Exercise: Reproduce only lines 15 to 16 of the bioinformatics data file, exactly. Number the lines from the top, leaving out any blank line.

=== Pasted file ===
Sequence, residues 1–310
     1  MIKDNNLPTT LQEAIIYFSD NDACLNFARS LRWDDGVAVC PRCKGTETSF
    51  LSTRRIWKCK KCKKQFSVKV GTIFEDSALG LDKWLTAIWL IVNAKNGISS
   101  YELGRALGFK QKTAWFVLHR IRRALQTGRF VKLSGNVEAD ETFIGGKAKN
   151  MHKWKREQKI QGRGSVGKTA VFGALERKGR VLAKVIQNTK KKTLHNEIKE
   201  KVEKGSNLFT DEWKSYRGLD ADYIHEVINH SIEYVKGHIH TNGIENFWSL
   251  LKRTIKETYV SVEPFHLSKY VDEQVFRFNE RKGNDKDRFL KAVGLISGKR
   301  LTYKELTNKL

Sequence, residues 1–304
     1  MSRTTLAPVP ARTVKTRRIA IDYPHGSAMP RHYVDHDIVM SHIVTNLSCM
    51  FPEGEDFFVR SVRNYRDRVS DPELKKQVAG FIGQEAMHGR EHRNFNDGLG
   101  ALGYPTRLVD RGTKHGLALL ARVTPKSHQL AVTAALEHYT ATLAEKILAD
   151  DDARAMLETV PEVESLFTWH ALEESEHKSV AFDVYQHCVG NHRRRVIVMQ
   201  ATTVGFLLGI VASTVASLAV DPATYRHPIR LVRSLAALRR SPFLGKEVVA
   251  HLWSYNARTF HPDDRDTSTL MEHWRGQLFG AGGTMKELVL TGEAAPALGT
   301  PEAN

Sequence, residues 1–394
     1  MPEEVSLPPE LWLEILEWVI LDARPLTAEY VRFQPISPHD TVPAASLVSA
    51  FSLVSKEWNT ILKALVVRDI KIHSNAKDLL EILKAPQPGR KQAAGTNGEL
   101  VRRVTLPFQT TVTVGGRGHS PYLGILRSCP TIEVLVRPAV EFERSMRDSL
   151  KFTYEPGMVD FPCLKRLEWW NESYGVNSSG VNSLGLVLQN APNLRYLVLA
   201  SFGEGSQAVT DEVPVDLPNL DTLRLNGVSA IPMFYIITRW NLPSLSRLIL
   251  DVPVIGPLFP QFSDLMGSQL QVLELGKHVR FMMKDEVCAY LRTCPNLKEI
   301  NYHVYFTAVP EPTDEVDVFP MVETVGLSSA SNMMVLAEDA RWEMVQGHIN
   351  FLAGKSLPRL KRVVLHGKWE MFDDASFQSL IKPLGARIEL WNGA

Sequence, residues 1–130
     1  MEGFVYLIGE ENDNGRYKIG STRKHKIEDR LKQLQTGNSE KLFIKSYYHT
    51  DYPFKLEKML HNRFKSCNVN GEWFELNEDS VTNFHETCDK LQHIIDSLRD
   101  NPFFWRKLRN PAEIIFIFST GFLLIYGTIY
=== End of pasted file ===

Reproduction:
   251  HLWSYNARTF HPDDRDTSTL MEHWRGQLFG AGGTMKELVL TGEAAPALGT
   301  PEAN